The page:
WASHINGTON -- A day after his swearing in, Sen. Rick Scott is getting to work.
- Sen. Rick Scott condemns the shutdown
- Will donate his $174,000 salary
- PREVIOUS STORY: Now-Sen. Rick Scott Calls Government Shutdown His Top Priority
The most junior member of the U.S. Senate comes with ambitious plans and plenty of challenges lie ahead.
After eight years governing the nation’s third most populous state, Scott, R-Florida, is beginning his next chapter as a U.S. senator during a contentious time in the nation's capital. As he is settling into his new role, the partial shutdown continues with no end in sight.
"I want to solve problems," Scott said in a one-on-one interview with Spectrum News. "We shouldn’t be shutting down government, we shouldn’t be fighting over whether we have border security or not.”
While Scott condemns the shutdown, he hasn’t offered a specific strategy for breaking the stalemate. In a new era of divided government, the former chief executive acknowledges compromising with fellow lawmakers and leadership will be key in getting things accomplished.
“I’m going to work hard. I’m going to work on building relationships and I’m going to take the time to learn the issues and how to get things done," Scott explained.
Scott arrives in Washington as one of the wealthiest members of Congress. He said he’ll donate his $174,000 salary, just like he did as governor. Hours after he was sworn in on Tuesday, he attended a high-dollar fundraiser for his political action committee.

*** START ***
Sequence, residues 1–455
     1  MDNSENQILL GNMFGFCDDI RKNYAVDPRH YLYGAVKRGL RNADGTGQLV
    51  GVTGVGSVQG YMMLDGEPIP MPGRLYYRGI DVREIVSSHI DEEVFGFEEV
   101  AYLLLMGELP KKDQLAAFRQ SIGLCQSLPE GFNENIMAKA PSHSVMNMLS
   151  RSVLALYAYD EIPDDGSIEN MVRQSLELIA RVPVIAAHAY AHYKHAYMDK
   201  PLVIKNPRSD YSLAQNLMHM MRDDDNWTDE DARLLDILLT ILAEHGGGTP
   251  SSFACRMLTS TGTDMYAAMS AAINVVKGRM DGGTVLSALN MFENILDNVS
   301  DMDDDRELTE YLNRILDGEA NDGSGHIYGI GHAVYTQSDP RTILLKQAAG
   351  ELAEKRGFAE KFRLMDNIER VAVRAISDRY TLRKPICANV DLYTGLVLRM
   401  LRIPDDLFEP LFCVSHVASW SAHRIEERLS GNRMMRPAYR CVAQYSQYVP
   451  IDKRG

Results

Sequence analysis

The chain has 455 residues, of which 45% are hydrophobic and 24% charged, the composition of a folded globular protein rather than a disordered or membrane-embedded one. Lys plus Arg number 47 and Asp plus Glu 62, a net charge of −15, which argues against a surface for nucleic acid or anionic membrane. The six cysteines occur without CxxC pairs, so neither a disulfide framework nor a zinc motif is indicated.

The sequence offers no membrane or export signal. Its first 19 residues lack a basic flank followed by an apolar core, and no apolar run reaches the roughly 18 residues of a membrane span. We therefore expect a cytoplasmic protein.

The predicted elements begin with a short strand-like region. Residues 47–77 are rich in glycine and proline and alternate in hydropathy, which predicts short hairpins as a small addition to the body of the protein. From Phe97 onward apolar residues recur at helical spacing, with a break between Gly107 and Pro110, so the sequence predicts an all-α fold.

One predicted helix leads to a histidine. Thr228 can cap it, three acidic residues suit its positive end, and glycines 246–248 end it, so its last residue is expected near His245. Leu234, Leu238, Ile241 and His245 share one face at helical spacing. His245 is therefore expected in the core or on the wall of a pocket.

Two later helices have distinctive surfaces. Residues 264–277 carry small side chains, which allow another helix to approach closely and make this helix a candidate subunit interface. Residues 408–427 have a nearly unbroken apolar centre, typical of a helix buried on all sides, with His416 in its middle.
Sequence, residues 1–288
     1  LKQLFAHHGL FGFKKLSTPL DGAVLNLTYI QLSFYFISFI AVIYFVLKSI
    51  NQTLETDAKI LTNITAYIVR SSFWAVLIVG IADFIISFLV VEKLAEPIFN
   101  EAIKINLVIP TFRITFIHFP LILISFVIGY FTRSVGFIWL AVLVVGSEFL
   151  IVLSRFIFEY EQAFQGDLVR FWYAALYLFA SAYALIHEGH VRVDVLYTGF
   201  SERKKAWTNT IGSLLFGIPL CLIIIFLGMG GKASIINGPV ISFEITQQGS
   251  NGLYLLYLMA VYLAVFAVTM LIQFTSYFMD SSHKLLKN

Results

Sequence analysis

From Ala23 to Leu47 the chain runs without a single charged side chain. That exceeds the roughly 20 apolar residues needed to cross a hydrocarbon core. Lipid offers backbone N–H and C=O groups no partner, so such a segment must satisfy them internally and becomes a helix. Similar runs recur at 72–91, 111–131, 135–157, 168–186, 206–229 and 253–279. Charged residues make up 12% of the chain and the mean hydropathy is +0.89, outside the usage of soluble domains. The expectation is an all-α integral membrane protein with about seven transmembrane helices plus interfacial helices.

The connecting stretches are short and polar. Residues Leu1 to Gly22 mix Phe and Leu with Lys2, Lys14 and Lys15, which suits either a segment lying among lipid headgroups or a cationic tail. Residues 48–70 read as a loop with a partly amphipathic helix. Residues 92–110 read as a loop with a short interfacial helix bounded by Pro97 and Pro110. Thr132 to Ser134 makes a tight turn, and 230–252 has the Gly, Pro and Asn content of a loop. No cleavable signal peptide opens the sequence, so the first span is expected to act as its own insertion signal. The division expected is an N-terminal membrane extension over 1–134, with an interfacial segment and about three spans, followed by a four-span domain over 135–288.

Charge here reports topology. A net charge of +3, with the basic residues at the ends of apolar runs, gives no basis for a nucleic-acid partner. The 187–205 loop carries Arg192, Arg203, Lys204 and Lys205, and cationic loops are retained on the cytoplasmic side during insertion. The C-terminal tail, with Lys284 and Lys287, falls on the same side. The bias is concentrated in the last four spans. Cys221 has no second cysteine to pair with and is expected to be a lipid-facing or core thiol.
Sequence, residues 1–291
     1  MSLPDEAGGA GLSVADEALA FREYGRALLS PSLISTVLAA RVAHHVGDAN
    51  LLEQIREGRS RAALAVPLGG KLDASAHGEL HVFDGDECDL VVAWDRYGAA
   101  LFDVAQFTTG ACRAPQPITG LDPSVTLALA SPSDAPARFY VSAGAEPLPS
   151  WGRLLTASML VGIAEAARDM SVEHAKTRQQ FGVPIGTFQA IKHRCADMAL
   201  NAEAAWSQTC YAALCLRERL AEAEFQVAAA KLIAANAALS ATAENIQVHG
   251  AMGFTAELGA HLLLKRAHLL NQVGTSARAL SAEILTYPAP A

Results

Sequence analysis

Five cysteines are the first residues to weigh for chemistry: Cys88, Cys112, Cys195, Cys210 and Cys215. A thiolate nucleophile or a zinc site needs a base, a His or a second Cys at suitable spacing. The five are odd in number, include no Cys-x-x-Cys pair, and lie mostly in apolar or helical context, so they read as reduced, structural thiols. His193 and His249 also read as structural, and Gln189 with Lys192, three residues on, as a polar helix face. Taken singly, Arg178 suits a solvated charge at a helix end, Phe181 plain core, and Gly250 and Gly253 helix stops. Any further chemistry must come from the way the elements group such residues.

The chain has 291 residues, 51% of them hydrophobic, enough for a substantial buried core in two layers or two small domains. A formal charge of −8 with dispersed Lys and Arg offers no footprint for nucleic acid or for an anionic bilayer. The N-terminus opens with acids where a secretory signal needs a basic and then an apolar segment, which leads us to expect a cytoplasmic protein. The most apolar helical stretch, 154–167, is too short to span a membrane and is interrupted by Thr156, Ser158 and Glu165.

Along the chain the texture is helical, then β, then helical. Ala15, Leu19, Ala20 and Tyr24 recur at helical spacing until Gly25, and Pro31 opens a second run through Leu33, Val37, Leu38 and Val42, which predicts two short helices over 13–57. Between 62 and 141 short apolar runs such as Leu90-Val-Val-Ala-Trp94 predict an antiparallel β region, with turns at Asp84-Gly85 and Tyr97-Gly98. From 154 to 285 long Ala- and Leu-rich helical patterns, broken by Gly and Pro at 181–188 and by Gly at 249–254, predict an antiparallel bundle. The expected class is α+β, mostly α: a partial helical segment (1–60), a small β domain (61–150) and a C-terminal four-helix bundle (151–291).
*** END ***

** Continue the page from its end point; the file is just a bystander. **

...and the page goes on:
The move was highly criticized as tens of thousands of workers go without pay as a result of the partial government shutdown.
“First off, my heart goes out to anyone that goes through that," Scott said in response.
"Whether you work for the government and you’re not getting paid, which I think is ridiculous -- we should figure this out. Yesterday was an important day for our state, and I'm honored to be a senator. I know I have to work hard. This place doesn't seem to be working very well, but you know I'm excited so many people wanted to come up and celebrate the fact that they believe I'm going to represent them well," he said.
With no end to the standstill, Scott is trying to navigate how to move forward in unfamiliar territory -- as the most junior member of the U.S. Senate. He said he's dedicated to ending the partial government shutdown.
“We’ve got to figure out how to bring people together, and I’m going to do my best to do that. Just talk to people and see if there’s common ground," Scott said.
Scott has had a close relationship with the commander-in-chief, President Donald Trump. He was one of the first elected officials to endorse him during the presidential primary.
The status of that relationship is unclear as Scott transitions into this new role, where he may be forced to take a stand against the administration's policies if they negatively impact the Sunshine State.